Lady Surrey's Lament For Her Absent Lord Poem Rhyme Scheme and Analysis


Good ladies you that have your pleasure in exileA
Step in your foot come take a place and mourn with me a whileA
And such as by their lords do set but little priceB
Let them sit still it skills them not what chance come on the diceB
But ye whom Love hath bound by order of desireC
To love your lords whose good deserts none other would requireC
Come you yet once again and set your foot by mineD
Whose woeful plight and sorrows great no tongue may well defineD
My love and lord alas in whom consists my wealthE
Hath fortune sent to pass the seas in hazard of his healthE
That I was wont for to embrace contented mind'sF
Is now amid the foaming floods at pleasure of the windsG
There God him well preserve and safely me him sendH
Without which hope my life alas were shortly at an endH
Whose absence yet although my hope doth tell me plainI
With short return he comes anon yet ceaseth not my painI
The fearful dreams I have oft times they grieve me soJ
That then I wake and stand in doubt if they be true or noJ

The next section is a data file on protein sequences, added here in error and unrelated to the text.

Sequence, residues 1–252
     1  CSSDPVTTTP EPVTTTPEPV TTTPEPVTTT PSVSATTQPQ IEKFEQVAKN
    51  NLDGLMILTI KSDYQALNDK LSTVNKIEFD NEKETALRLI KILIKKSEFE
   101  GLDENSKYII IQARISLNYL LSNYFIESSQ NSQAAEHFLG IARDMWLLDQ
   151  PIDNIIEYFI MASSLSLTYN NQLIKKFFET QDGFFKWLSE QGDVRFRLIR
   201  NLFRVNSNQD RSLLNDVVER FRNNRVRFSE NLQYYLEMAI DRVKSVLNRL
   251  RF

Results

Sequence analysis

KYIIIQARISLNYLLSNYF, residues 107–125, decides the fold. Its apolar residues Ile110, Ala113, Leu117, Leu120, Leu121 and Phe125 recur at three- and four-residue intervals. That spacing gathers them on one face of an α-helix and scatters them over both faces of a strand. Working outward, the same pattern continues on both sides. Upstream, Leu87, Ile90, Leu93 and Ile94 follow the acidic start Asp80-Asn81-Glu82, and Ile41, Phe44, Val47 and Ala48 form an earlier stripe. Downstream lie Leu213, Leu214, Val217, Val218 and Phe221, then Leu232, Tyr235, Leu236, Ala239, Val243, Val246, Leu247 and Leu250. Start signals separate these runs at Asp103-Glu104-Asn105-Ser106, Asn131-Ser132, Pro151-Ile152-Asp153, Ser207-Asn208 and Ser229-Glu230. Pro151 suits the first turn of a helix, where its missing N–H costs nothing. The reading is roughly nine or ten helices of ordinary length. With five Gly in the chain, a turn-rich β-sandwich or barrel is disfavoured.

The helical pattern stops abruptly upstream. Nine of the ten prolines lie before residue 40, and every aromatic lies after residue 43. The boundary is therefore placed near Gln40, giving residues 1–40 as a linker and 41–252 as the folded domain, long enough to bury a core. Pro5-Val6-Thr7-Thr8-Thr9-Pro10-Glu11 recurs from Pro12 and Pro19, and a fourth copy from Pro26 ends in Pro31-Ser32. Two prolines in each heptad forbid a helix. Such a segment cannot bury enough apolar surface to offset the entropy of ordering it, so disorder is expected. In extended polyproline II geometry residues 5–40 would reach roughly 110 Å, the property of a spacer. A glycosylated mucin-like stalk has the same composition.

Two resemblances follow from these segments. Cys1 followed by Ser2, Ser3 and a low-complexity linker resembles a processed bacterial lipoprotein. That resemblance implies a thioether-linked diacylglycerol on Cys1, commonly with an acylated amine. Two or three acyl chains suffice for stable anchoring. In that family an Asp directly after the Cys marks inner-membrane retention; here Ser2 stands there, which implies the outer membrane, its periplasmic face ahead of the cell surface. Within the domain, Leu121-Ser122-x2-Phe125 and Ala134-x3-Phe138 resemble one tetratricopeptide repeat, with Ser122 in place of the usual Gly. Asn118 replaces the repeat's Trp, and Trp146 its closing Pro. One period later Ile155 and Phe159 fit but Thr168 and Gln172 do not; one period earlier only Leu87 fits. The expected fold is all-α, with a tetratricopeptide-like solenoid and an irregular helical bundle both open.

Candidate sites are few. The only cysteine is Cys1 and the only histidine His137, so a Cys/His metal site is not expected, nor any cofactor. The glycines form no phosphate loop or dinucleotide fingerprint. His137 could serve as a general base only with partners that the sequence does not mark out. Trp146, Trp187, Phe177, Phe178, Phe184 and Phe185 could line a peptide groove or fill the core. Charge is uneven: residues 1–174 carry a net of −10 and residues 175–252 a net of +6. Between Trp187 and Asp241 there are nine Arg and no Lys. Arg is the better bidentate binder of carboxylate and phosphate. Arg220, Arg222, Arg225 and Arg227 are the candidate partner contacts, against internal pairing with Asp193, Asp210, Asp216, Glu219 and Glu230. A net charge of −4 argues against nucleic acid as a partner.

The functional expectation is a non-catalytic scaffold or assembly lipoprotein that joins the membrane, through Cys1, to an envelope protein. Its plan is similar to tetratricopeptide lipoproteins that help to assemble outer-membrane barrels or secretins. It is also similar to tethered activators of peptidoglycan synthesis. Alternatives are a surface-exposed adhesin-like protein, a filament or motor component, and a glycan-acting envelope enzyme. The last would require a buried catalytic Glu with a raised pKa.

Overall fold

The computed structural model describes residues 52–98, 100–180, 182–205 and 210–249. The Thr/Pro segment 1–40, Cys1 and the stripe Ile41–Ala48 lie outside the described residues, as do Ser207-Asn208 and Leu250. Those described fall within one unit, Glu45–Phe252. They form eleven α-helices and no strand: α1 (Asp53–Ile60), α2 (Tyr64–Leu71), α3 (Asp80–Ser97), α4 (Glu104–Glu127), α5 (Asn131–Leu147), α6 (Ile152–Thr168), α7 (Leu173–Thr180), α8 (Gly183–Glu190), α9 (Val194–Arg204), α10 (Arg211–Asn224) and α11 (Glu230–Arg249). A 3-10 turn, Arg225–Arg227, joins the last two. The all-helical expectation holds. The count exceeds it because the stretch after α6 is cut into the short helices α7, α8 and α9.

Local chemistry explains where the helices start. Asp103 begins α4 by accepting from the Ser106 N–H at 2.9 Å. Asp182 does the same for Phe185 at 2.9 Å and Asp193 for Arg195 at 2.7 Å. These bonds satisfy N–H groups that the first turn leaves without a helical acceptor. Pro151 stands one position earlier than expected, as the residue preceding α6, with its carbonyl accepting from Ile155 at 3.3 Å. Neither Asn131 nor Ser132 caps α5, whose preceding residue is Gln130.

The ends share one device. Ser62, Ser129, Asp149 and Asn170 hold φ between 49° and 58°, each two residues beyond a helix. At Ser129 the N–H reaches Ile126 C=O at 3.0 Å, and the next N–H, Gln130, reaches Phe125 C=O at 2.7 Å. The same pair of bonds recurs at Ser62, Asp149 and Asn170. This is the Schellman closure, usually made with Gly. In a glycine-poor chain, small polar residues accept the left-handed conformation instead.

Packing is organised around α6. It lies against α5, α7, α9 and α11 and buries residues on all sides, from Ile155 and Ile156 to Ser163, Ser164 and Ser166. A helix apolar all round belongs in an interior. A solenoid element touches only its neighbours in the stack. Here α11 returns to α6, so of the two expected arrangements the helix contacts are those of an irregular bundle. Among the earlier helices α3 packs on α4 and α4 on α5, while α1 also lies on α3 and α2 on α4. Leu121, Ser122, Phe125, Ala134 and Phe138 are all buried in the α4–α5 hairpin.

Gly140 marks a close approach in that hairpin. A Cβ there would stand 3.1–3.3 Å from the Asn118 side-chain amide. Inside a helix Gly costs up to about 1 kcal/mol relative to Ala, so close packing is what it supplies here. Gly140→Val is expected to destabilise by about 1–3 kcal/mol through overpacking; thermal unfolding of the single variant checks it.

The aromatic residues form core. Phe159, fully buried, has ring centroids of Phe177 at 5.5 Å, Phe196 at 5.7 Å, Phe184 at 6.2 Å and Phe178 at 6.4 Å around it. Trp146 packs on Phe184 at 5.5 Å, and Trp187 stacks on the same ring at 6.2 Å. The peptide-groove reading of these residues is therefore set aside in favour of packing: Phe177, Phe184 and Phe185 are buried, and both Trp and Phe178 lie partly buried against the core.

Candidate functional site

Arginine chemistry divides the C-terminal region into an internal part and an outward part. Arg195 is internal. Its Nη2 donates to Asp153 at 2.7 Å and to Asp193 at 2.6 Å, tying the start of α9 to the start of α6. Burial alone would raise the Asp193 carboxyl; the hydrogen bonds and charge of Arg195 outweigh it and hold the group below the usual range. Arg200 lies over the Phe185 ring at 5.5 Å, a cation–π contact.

Sometime the roaring seas me seems they grow so highK
That my sweet lord in danger great alas doth often lieK
Another time the same doth tell me he is comeL
And playing where I shall him find with T his little sonM
So forth I go apace to see that liefsome sightN
And with a kiss me thinks I say Now welcome home my knightN
Welcome my sweet alas the stay of my welfareO
Thy presence bringeth forth a truce betwixt me and my careO
Then lively doth he look and salveth me againP
And saith My dear how is it now that you have all this painI
Wherewith the heavy cares that heap'd are in my breastQ
Break forth and me dischargeth clean of all my huge unrestQ
But when I me awake and find it but a dreamR
The anguish of my former woe beginneth more extremeR
And me tormenteth so that uneath may I findS
Some hidden where to steal the grief of my unquiet mindS
Thus every way you see with absence how I burnT
And for my wound no cure there is but hope of good returnT
Save when I feel by sour how sweet is felt the moreU
It doth abate some of my pains that I abode beforeU
And then unto myself I say When that we two shall meetV
But little time shall seem this pain that joy shall be so sweetV
Ye winds I you convert in chiefest of your rageW
That you my lord me safely send my sorrows to assuageW
And that I may not long abide in such excessX
Do your good will to cure a wight that liveth in distressX

Henry Howard


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